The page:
robesonian.com

PAD hits diabetics, blacks hardest

Staff report

September 14, 2013

LUMBERTON — Peripheral Arterial Disease narrows leg arteries, reduces blood flow and affects between 8 million and 12 million people in the U.S. While the majority of people with the condition don’t know they have it, they have the same five-year mortality rate as those with breast and colorectal cancer.


Southeastern Wound Healing Center, a member of the Healogics network and an affiliate of Southeastern Health, treats chronic wounds with underlying conditions of the disease, performs non-invasive tests for PAD and counsels patients on how to manage the illness which can, if left untreated, lead to lower limb amputation and death.


“One in every 20 Americans older than 50 has PAD and those with the condition are at increased risk of heart attack and stroke, making them six times more likely to die within 10 years than those without the disease,” said Katy Rowland, Healogics’ chief clinical officer. “Often there are no symptoms, so it is important that people be aware of factors that put them more at risk.”


Healogics is the nation’s leader in advanced wound care services, treating more than 200,000 patients annually.


In addition to chronic wounds on the toes, feet or legs, experts at Southeastern Wound Healing Center give the following risk factors and symptoms of PAD:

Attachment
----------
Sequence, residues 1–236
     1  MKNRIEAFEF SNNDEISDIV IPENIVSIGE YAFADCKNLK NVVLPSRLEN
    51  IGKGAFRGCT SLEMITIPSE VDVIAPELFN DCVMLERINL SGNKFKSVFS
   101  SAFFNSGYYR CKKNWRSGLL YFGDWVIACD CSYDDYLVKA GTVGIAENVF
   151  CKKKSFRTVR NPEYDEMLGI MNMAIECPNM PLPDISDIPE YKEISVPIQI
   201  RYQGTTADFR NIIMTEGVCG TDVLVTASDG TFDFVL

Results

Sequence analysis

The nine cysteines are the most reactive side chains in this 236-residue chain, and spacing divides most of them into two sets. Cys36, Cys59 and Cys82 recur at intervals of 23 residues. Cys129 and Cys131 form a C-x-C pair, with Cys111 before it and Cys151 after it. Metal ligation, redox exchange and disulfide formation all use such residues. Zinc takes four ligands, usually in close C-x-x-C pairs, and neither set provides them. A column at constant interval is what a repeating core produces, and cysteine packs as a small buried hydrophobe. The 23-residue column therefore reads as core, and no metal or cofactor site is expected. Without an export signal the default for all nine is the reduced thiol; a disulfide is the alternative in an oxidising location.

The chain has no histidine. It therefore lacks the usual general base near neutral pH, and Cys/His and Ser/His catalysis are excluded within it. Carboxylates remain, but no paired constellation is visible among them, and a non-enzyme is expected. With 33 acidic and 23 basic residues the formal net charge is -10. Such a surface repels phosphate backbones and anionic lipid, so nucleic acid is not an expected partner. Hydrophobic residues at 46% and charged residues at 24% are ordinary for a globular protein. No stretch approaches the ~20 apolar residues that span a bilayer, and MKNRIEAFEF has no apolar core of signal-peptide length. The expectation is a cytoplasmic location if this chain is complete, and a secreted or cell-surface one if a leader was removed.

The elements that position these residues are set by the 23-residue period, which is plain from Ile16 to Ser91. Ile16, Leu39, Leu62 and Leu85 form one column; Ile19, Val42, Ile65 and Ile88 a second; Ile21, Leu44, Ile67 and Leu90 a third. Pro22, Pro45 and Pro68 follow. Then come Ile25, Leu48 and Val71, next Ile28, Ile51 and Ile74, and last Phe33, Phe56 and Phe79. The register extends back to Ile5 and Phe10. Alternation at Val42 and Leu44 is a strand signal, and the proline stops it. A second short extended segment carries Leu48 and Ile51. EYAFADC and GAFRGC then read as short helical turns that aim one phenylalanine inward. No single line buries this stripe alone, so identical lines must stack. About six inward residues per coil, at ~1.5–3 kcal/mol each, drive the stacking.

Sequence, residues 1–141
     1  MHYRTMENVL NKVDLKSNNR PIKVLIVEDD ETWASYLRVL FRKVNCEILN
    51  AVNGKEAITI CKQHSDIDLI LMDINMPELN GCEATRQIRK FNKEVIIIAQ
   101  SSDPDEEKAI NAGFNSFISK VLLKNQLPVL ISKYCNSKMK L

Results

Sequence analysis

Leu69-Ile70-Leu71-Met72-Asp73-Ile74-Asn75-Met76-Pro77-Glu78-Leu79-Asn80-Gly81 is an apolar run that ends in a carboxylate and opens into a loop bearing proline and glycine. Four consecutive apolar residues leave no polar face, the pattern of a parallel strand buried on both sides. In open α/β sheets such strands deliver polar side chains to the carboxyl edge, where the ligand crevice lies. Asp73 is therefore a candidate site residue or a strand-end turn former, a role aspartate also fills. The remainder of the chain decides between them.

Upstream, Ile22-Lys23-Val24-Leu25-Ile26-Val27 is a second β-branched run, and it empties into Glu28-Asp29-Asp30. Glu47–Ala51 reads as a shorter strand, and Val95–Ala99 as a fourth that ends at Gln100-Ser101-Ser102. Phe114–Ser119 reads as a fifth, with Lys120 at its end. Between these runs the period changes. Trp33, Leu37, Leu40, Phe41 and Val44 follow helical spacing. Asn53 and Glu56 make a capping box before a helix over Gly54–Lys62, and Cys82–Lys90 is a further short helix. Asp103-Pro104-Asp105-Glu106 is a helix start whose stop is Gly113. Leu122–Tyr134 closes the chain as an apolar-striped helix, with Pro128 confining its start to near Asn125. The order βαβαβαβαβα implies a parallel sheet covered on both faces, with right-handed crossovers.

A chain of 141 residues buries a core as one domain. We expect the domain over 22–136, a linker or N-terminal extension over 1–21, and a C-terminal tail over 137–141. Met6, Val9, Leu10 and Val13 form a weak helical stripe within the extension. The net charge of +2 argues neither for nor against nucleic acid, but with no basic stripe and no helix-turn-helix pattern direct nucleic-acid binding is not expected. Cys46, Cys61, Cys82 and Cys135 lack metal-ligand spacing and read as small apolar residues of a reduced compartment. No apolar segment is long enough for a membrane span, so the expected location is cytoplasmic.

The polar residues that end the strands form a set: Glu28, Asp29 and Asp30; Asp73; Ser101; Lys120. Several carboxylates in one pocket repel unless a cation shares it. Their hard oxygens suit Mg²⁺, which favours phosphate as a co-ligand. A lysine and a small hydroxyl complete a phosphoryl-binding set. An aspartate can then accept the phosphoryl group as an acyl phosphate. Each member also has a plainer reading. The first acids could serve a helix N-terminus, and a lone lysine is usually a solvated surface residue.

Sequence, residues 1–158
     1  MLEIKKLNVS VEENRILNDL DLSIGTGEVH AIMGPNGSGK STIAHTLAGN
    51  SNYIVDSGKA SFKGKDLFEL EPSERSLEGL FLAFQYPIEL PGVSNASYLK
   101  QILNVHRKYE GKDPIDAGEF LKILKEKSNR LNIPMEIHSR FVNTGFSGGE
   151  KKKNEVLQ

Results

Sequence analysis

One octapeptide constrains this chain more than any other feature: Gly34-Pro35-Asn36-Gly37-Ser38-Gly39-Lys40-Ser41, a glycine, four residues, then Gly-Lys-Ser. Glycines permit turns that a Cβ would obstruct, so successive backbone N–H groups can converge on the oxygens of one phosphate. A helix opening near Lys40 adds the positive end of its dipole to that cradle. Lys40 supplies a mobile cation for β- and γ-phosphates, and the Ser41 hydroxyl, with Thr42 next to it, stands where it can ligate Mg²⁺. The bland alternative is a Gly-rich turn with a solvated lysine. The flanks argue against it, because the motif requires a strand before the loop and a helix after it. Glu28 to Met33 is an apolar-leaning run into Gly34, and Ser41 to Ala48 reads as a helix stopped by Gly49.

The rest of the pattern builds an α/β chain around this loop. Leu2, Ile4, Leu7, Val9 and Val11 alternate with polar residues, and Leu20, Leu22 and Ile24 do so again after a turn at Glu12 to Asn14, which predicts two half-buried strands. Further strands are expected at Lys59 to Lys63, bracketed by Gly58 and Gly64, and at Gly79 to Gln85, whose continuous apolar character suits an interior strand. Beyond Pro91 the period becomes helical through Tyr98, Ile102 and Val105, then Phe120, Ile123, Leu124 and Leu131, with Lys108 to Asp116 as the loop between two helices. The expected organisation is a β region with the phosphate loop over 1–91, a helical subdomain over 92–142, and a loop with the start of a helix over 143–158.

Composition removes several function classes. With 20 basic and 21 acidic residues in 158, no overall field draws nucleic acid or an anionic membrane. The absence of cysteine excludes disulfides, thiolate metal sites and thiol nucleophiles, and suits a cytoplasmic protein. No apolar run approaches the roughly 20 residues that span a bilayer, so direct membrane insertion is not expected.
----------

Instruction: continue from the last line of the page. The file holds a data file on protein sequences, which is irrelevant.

— Those who smoke or have a history of smoking have up to four times greater risk.


— Blacks are more than twice as likely to have PAD as their white counterparts.


— One in every three diabetics over the age of 50 is likely to have the disease.


— People with high blood pressure, high cholesterol or a personal history of vascular disease, heart attack or stroke are at greater risk.


— As you get older, the risk increases since the disease develops gradually.


— While some people dismiss it as a sign of aging, nearly everyone with PAD is unable to walk as fast or as far as they could before.


— A typical sign is experiencing fatigue or a heaviness in the limbs or cramping in the buttocks, thighs or calfs after walking or climbing stairs and then feeling better after resting.


— Leg or foot pain may cause trouble sleeping for those with PAD.


— The skin of the feet may become pale or turn blue.


— Toenails that do not grow as well as before and decreased hair growth on the toes and legs may be another symptom.


Southeastern Wound Healing Center offers hyperbaric oxygen therapy to increase the blood flow and reintroduce the body’s innate ability to heal. Other treatments may include making lifestyle changes to modify diet or add an exercise regimen, physical therapy, medications and, in extreme cases, surgery may be needed.


For information on managing PAD and treating chronic or infected wounds, contact Southeastern Wound Healing Center, located at 103 W. 27th St. in Lumberton or call 910-738-3836.